WHY DID GEORGE DIE?
By RACHEL SCOLLAY and TOBY WALKER
NO-ONE in Nimbin noticed George Morris was missing until their ice-cream supplies started to run low.
Now, after nearly two months, the 50-year-old owner of Pete's Passion ice- cream has been formally identified as one of two bodies burnt in a petrol-fuelled car fire near Whiporie. But the mystery remains of why he and his brother, Peter, died.
Peter Morris, 49, of Taree, was the other occupant of the Ford Laser that was found on March 1 in a deserted section of cleared pine forest in Banyabba State Forest.
Nimbin residents who knew the brothers said they believed they were on their way to Newcastle when they died.
Police forensic investigations have ruled out foul play, leading to speculation the brothers died in a suicide pact. The car had been doused with fuel from a petrol container.
The Coroner this week said there was nothing to suggest another car had been in the area before the fire.
A laptop computer was found sitting open between the two men but was damaged beyond repair, preventing the recovery of any data from its hard drive.
The hatch of the car was open but the windows were wound up.
The Coroner said police were continuing to investigate any possible links the brothers may have had to criminal activities.
But that suggestion is at odds with what Nimbin residents knew of George, who was good at calligraphy, had an extensive cacti collection and 'just adored' his cat.
Locals say he was 'well-loved' and 'very kind', however he was a private person and was bestknown for the delicious, homemade ice-cream which he and his partner, Peter Turner, sold at North Coast markets over the last 20 years.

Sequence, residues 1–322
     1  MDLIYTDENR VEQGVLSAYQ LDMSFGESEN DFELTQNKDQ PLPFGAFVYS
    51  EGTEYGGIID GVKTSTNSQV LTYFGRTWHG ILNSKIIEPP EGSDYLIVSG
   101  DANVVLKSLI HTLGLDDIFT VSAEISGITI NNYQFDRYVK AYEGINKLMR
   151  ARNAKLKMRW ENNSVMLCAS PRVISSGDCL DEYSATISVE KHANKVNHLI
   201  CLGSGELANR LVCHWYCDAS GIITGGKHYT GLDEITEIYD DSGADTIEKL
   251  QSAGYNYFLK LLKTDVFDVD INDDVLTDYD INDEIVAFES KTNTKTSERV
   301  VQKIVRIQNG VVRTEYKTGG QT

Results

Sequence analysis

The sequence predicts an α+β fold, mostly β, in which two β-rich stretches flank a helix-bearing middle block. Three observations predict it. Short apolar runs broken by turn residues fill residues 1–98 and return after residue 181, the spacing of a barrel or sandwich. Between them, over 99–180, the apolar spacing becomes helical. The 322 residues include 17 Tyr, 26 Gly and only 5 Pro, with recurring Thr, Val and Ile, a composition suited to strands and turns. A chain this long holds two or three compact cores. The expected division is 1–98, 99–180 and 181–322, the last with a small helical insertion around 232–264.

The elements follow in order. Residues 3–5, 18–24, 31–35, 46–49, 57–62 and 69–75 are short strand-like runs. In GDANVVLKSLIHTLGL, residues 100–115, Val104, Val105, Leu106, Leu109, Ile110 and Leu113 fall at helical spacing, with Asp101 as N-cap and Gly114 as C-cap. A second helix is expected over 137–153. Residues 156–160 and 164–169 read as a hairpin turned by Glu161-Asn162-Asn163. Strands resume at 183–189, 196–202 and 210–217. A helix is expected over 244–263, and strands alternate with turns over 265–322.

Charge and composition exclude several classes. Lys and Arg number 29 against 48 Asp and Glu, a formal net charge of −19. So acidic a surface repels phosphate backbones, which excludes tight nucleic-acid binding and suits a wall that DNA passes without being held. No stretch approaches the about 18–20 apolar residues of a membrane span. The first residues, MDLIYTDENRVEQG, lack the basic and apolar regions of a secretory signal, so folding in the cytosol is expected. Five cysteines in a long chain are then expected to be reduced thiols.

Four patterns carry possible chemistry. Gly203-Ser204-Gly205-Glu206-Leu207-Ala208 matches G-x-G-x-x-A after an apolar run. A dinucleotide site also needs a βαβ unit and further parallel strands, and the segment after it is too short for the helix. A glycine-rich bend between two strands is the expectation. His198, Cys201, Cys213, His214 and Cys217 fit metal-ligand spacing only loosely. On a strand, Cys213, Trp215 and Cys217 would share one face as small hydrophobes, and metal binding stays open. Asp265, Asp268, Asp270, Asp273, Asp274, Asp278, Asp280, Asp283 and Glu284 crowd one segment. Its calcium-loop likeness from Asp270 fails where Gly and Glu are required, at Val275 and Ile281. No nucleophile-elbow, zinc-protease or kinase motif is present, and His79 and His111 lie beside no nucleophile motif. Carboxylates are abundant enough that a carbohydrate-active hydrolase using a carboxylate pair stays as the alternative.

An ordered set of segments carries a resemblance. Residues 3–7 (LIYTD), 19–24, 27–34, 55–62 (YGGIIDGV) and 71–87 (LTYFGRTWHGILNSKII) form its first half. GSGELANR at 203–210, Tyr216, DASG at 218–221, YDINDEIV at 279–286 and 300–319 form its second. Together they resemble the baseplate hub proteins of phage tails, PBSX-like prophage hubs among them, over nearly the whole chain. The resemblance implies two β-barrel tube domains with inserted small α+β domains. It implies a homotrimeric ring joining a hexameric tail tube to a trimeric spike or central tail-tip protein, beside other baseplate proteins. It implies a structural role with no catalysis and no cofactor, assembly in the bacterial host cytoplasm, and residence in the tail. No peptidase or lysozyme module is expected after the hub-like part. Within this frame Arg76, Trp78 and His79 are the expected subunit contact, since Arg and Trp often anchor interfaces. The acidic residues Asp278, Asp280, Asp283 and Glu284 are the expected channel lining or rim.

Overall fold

Former owner of Nimbin Organics, Gerhard Weihermann, said retailers knew something was up when the ice-cream ran out and George hadn't been seen.
One of them had a 'gut feeling' he was dead, and this was con- firmed when the police came around.
"I thought maybe he was so stressed he went on holiday," he said.
"He wanted to sell his business. His partner died last year of cancer, and it had become a burden on him. It was quite big, with stalls at all the markets."
President of the Nimbin Chamber of Commerce, Andrew Kavasilas, said they held a minute's silence for George at the March meeting.
"He was well-loved in the community," he said.
"He wasn't a smoker or anything, he was just a normal dude."
Close friend, Dianne Foster, said George was gentle and quiet and had been devastated after his life partner died of cancer.
"I think he fell apart," she said.
"He looked upon Peter as his mentor."
She said the pair had originally owned a passionfruit plantation in Murwillumbah and started making ice-cream to use up their excess fruit.
Dianne said she and her husband Henry had celebrated birthdays and Christmas together with the couple.
"They seemed to be fairly isolated from their own fami- lies," she said.